Sunday, September 9, 2012

Meet the collectors - #2 - Fabrice Heilig

After starting Meet the collectors in Australia, we now move swiftly to France, where we meet the second collector in our series: Fabrice Heilig.

Fabrice will introduce himself, and share his wonderful collection of vintage Nintendo toys and games with us, which he has on display in a real museum-style room.

Fabrice's collection room

"Hello. My name is Fabrice. I am 36 years old and live in France, in the beautiful Alsace region. I have been working for 15 years now at a company that manufactures industrial water meters."

"Twelve years ago I started collecting video games and after three years I started focussing on the Nintendo universe."

Fabrice during his trip to Japan, in front of an old Nintendo building in Kyoto

"At first, I did not know at all that Nintendo had such an extensive past. The starting point of my collection was searching flea markets for the things that excited me during my childhood; like the NES and SNES consoles."


"But I became more interested in the Nintendo brand itself, and started looking - almost like a detective - for information about how they had started making video games. I discovered that there was much more before that: that Nintendo had produced card games, toys, etc. That was when my collection really started!"


"I looked for people who were also interested in this topic, but I did not find many. I was lucky to find one particular person: none other than Florent Gorges, author of The History of Nintendo, and one of the greatest Nintendo historians in the world."


"Florent enlightened me a lot on the subject, which I appreciated very much. He also made me discover Japan and various historical Nintendo sites, during a superb trip over there in 2010."


"The goal of my collection is not to collect everything. I am not very interested in having the same console in ten different colors. I find it more interesting to discover the whole range of products from Nintendo's history, from their foundation until today."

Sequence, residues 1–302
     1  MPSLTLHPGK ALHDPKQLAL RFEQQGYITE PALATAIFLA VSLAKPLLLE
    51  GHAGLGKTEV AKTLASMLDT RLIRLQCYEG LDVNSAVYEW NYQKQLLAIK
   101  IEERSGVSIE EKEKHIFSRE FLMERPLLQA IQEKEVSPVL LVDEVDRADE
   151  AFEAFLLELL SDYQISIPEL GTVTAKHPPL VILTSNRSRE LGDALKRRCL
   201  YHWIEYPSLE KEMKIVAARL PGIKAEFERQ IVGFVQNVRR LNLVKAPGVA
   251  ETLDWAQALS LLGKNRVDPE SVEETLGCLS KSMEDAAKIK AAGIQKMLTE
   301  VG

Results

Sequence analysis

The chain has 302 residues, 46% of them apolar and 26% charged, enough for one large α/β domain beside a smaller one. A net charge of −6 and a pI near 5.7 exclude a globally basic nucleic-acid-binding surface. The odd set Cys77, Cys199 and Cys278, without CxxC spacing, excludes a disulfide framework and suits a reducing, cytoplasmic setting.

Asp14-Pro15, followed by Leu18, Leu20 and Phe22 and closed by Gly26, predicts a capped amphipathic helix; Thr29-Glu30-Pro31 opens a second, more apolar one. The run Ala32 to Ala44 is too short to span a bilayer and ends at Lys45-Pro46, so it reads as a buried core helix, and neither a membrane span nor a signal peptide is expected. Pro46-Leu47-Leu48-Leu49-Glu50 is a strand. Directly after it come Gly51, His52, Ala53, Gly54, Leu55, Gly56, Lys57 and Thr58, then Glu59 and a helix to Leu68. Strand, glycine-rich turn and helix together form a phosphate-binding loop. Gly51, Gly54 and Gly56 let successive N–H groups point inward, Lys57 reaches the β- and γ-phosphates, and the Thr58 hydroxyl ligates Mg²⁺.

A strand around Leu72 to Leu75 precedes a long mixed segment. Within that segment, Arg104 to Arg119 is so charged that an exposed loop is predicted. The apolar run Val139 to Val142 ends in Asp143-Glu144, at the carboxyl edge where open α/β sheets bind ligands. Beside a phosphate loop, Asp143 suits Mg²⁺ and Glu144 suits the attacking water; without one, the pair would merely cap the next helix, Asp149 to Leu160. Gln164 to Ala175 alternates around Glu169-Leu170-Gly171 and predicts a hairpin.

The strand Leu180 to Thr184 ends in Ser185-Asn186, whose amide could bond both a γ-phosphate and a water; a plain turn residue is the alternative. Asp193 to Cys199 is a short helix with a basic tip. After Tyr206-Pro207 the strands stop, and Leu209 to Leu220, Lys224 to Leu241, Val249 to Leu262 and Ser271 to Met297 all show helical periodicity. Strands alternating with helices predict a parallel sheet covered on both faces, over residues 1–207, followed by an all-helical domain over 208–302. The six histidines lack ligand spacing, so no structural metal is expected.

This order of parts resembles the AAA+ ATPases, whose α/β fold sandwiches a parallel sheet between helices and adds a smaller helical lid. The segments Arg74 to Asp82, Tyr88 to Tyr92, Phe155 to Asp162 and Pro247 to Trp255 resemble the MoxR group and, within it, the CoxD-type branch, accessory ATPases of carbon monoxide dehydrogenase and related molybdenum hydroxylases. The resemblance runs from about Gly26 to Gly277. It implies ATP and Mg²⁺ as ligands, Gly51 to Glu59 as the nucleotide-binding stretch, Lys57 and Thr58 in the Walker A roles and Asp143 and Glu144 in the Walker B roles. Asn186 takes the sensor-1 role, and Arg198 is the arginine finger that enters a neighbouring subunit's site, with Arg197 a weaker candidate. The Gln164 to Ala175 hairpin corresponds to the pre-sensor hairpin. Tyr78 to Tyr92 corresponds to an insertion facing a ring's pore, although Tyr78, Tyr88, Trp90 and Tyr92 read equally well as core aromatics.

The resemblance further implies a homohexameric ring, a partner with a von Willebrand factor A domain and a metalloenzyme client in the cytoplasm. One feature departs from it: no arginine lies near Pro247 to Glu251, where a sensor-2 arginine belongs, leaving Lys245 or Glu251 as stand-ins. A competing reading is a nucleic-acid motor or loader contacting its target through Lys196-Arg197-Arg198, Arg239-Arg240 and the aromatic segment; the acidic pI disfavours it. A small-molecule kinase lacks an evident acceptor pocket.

"I am not looking for any specific pieces to add to my collection. I would love to find one of the cast iron or wooden print blocks, used to print Hanafuda cards. But I believe this may be impossible. I don't even know if any of these still exist."


"Some of the favorite items from my collection are the old Nintendo card games."

Cabinet filled with a wide range of Nintendo card games


"I also like the Nintendo Love Tester. It is quite original, and - in the Japanese context of its time - was not just a simple toy, but also an item that brought Japanese men and women closer together."


"One item from my collection stands out in particular for me: the rare Nintendo Sample. It is a catalogue used by Nintendo's salesmen to show the range of different cards that could be ordered from them."

Page from the Nintendo sample book

"In the past two years, my collecting has slowed down. It requires a lot of time and money, and because of the strong yen, buying from Japan has become much more expensive. But I have not lost my interest in the world of Nintendo at all; I am still as passionate about it as before."

Fabrice in front of the Nintendo headquarters in Kyoto

Fabrice runs his own website (in French), where you can find out more about his collection. The site is called Musee Nintendo (Nintendo Museum) and can be found here: http://www.musee-nintendo.com/.



Thanks for the tour, Fabrice! It is a great collection that is beautifully displayed. Your room is rightly called a museum.

If you also collect Nintendo toys and games, no matter how large or small your collection is, if you have been at it for years or just started recently, we would love to hear from you. If you want to show your collection and tell us about it, please get in touch.

3 comments:

  1. Wow! That is an impressive collection! Thanks for sharing it. I see you have some of the Sono Game series, I would love to find some of them. You have some very interesting things there, especially the shipping box for the N&B Blocks, the Sharp XG-115 and the Nintendo Sampler book. Fantastic!

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  2. Thank you :),
    some are actually quite difficult to find

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  3. Awesome collection. Seems like a Nintendo museum could see the light in France before Japan...!

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